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Laidback Gardening with Robert Kourik

Growing your ownherbes de Provence
Laidback Gardening with Robert Kourik
Lavender on the property of Chuck and Elisa Levine in Glen Ellen.Photo by Melissa Dowling

A favorite seasoning in the South of France is known as Herbes de Provence — a delightful blend of oregano, rosemary, sage, savory, thyme, dried lavender flower buds (actually a more recent American addition), and sometimes basil. Americans have become increasingly captivated with this pungent, complex seasoning for fish, game, red meat, poultry, and vegetables.

All the herbs in this blend naturally thrive in the Mediterranean climate of Provence but can be easily grown throughout the U.S. The plants will thrive in the Sonoma Valley climate. All can be container-grown in south-facing windows that receive at least four hours of direct sunlight daily.

Basil is the only plant in this mixture that prefers some moisture and fertile soil. The others, all quite drought-tolerant, are prone to root rots ( Phytophthora spp.) and thus prefer rocky, sandy, or gravelly soil for good drainage. Research on sage, lavender, and oregano revealed that growing them with sandy mulch actually enhances the volatile oil content of the foliage, making the flavor more pungent.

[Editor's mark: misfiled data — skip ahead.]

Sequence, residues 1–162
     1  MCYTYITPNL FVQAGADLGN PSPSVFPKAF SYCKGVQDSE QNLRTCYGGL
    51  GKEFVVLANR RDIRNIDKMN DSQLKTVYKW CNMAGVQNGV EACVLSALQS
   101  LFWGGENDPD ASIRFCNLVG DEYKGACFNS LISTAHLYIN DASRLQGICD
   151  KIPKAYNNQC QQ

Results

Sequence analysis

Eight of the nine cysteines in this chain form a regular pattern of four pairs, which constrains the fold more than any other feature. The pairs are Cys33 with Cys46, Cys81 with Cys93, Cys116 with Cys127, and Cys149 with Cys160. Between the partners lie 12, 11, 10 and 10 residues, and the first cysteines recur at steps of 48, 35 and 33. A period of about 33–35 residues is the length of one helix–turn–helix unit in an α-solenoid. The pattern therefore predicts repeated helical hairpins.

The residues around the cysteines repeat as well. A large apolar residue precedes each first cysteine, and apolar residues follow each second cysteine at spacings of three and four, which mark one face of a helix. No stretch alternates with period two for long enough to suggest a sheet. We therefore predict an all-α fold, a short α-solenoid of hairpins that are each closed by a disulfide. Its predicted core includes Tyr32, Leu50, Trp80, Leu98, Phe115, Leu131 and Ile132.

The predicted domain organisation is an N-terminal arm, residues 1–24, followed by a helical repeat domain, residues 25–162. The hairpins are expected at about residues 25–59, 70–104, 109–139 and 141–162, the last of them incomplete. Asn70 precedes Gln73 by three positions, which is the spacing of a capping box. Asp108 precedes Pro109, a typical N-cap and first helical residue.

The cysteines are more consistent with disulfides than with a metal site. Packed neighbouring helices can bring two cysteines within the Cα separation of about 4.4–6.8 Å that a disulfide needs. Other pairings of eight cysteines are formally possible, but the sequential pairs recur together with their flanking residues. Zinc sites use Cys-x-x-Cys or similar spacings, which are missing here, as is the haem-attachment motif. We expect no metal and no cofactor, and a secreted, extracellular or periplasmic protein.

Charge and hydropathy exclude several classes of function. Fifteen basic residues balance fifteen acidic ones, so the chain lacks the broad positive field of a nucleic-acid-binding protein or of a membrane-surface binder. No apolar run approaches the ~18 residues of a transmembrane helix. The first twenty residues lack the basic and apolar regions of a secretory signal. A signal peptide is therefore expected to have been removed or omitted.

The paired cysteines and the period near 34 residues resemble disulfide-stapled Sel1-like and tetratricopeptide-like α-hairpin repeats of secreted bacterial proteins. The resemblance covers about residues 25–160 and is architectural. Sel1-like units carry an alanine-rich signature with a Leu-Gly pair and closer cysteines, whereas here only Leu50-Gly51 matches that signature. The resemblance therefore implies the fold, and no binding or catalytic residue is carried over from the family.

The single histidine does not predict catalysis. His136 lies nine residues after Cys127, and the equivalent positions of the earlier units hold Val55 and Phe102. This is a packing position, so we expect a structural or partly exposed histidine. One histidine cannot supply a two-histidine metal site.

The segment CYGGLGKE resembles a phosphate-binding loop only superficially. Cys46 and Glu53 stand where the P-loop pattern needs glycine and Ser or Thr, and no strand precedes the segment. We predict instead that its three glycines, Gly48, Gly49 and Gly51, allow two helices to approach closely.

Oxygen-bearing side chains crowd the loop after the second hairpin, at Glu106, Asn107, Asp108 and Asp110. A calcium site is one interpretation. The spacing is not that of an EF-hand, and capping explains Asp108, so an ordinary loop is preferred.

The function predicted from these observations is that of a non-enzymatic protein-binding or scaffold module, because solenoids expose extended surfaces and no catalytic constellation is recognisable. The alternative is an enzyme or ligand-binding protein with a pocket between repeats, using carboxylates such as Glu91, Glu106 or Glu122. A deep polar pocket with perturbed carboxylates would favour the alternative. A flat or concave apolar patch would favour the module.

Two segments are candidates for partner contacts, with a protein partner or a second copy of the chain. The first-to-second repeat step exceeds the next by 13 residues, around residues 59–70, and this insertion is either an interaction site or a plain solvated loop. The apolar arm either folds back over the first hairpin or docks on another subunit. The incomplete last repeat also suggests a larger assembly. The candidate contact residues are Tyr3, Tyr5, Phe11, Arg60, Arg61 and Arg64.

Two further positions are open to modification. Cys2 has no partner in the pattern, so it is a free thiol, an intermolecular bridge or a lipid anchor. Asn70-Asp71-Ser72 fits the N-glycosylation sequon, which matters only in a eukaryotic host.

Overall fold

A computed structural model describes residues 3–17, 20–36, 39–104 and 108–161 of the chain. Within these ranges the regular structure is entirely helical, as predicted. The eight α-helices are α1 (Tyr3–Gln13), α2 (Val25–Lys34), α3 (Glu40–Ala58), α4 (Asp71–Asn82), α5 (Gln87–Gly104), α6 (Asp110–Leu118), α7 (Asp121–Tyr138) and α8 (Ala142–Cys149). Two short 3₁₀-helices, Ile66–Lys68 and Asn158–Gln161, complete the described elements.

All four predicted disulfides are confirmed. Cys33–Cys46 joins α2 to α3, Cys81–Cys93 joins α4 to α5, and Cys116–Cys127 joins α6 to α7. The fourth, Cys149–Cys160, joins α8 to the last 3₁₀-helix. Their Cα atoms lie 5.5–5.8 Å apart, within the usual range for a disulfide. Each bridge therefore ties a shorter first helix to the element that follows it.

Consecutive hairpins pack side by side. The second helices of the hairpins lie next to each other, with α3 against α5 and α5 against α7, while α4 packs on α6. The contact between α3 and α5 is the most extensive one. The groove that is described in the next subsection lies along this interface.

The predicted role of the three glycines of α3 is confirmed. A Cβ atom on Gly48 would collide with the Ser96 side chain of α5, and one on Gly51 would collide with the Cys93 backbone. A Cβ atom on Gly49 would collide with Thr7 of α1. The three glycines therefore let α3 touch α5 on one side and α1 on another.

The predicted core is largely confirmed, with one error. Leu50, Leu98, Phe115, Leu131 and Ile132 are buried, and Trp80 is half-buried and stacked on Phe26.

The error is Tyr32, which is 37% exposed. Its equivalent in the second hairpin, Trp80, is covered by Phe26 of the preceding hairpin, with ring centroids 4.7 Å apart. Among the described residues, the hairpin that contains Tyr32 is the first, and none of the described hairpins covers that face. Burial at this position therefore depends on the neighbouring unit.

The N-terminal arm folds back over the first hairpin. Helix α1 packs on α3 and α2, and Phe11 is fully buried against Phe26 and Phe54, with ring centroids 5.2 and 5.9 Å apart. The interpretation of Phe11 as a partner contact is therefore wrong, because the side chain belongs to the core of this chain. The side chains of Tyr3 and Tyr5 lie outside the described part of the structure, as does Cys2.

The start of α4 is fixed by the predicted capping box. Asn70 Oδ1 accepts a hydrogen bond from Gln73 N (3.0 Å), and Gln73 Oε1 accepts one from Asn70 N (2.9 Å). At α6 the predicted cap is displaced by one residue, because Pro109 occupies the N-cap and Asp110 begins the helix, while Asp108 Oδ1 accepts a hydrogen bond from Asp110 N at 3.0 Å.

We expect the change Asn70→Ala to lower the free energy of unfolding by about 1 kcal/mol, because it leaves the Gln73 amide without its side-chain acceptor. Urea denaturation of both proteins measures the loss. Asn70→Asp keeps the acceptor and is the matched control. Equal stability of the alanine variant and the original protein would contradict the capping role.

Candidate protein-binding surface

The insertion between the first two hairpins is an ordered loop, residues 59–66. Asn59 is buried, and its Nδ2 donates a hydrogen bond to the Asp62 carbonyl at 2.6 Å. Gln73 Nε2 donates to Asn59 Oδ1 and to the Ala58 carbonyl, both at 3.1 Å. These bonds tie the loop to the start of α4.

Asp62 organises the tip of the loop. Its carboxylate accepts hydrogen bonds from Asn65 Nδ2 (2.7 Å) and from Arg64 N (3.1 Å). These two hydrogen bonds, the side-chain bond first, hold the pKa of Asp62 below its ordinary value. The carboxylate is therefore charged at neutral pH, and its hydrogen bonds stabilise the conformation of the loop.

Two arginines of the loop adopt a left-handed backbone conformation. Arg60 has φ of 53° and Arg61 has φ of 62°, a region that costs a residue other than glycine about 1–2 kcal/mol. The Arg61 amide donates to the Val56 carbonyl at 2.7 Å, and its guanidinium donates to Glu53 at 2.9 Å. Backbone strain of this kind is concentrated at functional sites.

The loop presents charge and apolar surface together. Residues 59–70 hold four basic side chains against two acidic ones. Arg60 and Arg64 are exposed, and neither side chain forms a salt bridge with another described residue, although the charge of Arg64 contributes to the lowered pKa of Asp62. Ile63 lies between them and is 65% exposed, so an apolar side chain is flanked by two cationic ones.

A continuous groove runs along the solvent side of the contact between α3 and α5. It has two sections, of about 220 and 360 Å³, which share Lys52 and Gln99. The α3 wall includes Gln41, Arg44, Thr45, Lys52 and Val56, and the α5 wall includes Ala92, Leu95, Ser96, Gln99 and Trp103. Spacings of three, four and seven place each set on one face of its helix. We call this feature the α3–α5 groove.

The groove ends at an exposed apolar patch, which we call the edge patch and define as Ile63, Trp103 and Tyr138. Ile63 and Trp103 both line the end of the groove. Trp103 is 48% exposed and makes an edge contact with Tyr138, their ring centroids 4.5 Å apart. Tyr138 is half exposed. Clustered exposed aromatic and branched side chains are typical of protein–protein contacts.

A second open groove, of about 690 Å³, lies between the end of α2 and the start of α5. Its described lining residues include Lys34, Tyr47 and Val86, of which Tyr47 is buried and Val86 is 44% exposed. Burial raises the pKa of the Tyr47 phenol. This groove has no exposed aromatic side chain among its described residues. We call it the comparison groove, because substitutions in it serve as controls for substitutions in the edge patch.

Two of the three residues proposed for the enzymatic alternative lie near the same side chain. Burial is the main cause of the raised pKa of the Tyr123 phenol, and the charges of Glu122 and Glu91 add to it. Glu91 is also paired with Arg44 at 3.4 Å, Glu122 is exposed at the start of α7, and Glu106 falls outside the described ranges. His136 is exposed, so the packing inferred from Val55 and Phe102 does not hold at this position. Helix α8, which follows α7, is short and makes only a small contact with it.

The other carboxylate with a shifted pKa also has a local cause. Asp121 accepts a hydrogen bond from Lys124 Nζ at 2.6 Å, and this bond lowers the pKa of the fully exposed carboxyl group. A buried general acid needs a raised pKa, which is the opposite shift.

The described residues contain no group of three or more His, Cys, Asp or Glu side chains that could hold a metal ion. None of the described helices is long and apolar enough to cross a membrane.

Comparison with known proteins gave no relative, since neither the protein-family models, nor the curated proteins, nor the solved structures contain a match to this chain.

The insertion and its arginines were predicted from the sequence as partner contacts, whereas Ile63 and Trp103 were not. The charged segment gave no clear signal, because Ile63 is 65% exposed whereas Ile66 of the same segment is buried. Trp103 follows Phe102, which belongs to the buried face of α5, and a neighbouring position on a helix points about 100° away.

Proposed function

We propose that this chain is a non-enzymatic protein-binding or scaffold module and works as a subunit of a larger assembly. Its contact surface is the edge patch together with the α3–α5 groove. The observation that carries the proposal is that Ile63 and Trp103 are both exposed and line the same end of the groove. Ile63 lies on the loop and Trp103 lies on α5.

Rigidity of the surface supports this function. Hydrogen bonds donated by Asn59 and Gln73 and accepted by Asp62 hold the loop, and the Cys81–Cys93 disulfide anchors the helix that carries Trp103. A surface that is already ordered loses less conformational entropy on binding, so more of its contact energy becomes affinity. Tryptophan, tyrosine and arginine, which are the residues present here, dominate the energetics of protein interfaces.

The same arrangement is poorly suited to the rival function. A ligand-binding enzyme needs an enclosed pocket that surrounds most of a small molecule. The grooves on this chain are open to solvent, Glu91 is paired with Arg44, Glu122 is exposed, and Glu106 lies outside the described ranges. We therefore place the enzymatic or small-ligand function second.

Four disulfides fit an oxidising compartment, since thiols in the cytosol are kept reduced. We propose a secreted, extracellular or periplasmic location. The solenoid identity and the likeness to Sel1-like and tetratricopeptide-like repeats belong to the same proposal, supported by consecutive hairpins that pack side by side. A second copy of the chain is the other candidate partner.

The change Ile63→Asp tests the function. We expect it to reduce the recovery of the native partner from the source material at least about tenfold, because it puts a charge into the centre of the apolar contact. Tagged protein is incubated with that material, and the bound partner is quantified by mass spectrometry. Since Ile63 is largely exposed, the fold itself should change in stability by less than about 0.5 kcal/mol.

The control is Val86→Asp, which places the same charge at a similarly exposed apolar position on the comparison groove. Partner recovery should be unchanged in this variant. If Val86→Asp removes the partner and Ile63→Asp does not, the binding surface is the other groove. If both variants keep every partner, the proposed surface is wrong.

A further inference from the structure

If you grow most of these herbs, you can harvest leaves from them throughout the summer, dry them, and store them in a cool, dark place for later use. Lavender is the exception. If you’re adding lavender, note that it’s the flowers, not the leaves, which are usually dried for this recipe.

The process for drying both flowers and leaves is much the same: Begin harvesting before noon on a sunny, dry day (clip leaves when they’re free of dew or sprinkler water), and dry the foliage on screen trays, or by hanging small bundles in a dark, dry place with plenty of good air circulation. To improve circulation, you can set up an oscillating fan and run it at low speed. Note: Even fluorescent bulbs will fade the lavender flowers, so keep them in the dark.

Store each type of dried herb separately, and only combine leaves and flowers for small batches of the mixture. This flavorful seasoning is bound to expand your culinary horizons.

Recipe for herbes de Provence

Nearly every Provençal household has a different recipe for the “true” herbes de Provence. Here’s one of the hundreds of possible combinations: 3 tablespoons dried oregano leaves 3 tablespoons dried thyme leaves 3 tablespoons dried savory leaves 2 tablespoons dried lavender flower buds (an American addition) 1 teaspoon dried basil leaves 1 teaspoon dried sage leaves Combine all ingredients and mix well. Makes about 3/4 cup, or thirty servings. Store in small jars. Feel free to experiment with the proportions and ingredients.

(This information comes from Michele Anna Jordan, the author of 24 cookbooks, including Salt and Pepper.)

Bon appetit! Robert Kourik has written 18 gardening books — his most recent, published in 2022, is Sustainable Food Gardens. For more information, see